A Great Age For Space Opera Movies

space-opera-movies

So, Rogue One is coming out on December 16th and I am stoked!

The release of Star Wars: The Force Awakens has heralded a new age for space opera in the movies unlike anything I’ve seen in thirty years (yes, I’m old). And even before the Star Wars primer, Marvel decided to get in on the action with Guardians of The Galaxy. Think about it, Marvel owns the rights to so many superhero franchises yet chose to make a film about space jockeys before Dr. Strange or any of a dozen other  caped characters (and yes, we are all still WAITING for that Miss Marvel movie). So why revive a less popular space franchise first? My answer is, they wanted to get on the ground floor of a booming trend.

When Star Wars first came out in 1977, it inspired dozens of imitators. Hollywood saw the money and quickly shifted from a western and detective thriller factory to a rocket ship launching pad. The first notable attempts were frankly well, crap– like Starcrash and The Cat From Outer Space. However, as Hollywood improved its space craft, we got good stuff like Battlestar Galactica, Alien, and Battle Beyond the Stars.

Naturally, Star Trek jumped onto the gravy train, and that’s FINE by me. After the abortive Star Trek: The Emotional Picture, we got Wrath of Kahn, Search For Spock, and, who can forget, Star Trek Saves The Whales. I grew up in this time, and it’s pretty damn obvious I have yet to recover. Stories of spaceships that go “woosh” and laser guns that go “pew” are still my go to entertainment.

So, sure, I’m waiting with bated breath for Rogue One: A Star Wars Story. I am also happy to hear they are planning to make a young Han Solo movie. I think it’s great that they are playing with alternative possibilities and taking risks with the franchise. Star Trek is also doing some good stuff with its re-boot, and I really liked Star Trek: Beyond. But here’s the thing…where is the new space opera stuff?

The last time we got an original space opera franchise of any worth on the screen was Firefly. Granted, Firefly and its movie Serenity were AWESOME, but it’s been over ten years and I want more. When Star Wars made bank back in ’77, we got a slew of other space opera films with original content. Now we have…what? Folks, Guardians of The Galaxy is based on a thirty-year-old comic book; it’s as if risk aversion trumps creativity in Hollywood every time these days (and I can’t stand it when things are “trumped”).

I know that today there are some damn good writers crafting top-notch space opera (Yeah, besides me…but also me…uh, me too? Yes, not just me). I want these guys and gals to get their chance now while the iron is hot. And this is important, not just for our entertainment but for the growth of the genre of space opera.

Think about it, forty years from now, what are they going to bring back if they did nothing new in the early 2000s?

 

Just Saw Star Trek: Beyond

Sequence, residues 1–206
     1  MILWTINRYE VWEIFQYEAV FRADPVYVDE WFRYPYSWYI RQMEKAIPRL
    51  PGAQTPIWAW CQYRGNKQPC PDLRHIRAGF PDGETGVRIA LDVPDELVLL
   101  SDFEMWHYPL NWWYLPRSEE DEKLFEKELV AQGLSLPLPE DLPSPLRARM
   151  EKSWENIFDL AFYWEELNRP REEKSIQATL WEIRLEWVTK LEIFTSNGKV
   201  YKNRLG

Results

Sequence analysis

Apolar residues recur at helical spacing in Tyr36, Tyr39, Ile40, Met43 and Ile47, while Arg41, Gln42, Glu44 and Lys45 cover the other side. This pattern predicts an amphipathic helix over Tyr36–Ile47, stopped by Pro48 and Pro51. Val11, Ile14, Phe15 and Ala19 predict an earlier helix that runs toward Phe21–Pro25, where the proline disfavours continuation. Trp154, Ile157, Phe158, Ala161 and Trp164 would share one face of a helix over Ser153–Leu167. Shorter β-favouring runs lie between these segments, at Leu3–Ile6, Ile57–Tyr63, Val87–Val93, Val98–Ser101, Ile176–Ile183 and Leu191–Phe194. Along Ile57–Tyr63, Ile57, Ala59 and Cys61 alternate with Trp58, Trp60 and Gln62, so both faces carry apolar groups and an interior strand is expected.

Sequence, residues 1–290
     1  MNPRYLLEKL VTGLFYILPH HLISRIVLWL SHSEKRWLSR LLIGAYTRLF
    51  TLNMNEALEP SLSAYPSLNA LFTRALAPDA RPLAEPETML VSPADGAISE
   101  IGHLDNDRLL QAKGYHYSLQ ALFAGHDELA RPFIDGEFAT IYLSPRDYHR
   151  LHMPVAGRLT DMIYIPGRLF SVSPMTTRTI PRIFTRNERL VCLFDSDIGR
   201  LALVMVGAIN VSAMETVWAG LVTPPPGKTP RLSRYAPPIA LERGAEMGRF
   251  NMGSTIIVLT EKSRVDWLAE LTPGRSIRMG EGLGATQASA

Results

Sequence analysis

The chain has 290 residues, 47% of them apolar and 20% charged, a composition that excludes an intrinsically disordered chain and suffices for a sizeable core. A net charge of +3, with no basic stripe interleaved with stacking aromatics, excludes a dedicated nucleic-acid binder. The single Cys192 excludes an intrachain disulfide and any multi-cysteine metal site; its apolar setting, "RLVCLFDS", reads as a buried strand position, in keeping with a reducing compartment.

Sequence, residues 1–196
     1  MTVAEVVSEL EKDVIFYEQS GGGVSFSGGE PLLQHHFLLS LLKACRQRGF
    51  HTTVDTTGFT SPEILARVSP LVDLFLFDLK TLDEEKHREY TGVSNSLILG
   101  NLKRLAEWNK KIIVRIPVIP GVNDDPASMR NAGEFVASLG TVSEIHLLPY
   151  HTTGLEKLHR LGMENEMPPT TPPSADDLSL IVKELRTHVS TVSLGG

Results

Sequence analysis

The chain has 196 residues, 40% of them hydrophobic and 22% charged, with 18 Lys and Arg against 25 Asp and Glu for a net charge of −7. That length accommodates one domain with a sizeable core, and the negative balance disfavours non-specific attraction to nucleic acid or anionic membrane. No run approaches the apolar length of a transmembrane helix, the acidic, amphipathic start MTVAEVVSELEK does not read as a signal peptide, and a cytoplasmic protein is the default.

Star Trek Byond

So, I finally went out and saw Star Trek: Beyond. Why did a life long Trekkie like me wait so long…well.

To be honest the first two films in the reboot series left me wanting. I thought JJ Abrams’ first Star Trek was a pretty good ride. And by that, I mean that it was  a roller coaster with a Star Trek theme. There were twists and turns to excite and plenty of action but no real substance in the plot or storytelling. Now, on the plus side, I thought JJ put together an amazing cast of very talented people who captured the characters perfectly. I also liked the production design, special effects, and loved the music.

But like I said, it was only a ride with a Star Trek theme. I hoped Star Trek: Into Darkness would provide a more nourishing meal but was sadly disappointed. The plot was garbage, and I felt the new film did not pay proper respect to the original Star Trek II: The Wrath of Kahn.  So, yes, I was weary of this newest movie.

After reading a lot of positive reviews, however, I decided to give it a chance. And I’m glad I did. As in the last two films, the acting was spot on and the production design, special effects, and music were wonderful. This time, however, somebody decided to give it a decent plot! Although not overly complicated, the plot fit well into the two-hour movie format and remained internally consistent throughout. Also, kudos again to the writer for giving every character several moments to shine (this was not the Kirk and Kirk alone show). I also felt that they did a fine job showing respect to the original Trek, even integrating Lenord Nimoy’s passing in a  tasteful way.

Movies need to tell a story visually and have about two hours to unfold the plot. Star Trek was intended to be a TV show, requiring each episode visually to tell a short story  with a fairly simple plot. Novels, naturally, can take their time and explore a plot in depth but have to work harder to allow the reader to visualize the story. The first Star Trek was a TV episode stretched too long. The second was a novel crammed too short. Star Trek: Beyond…is just right.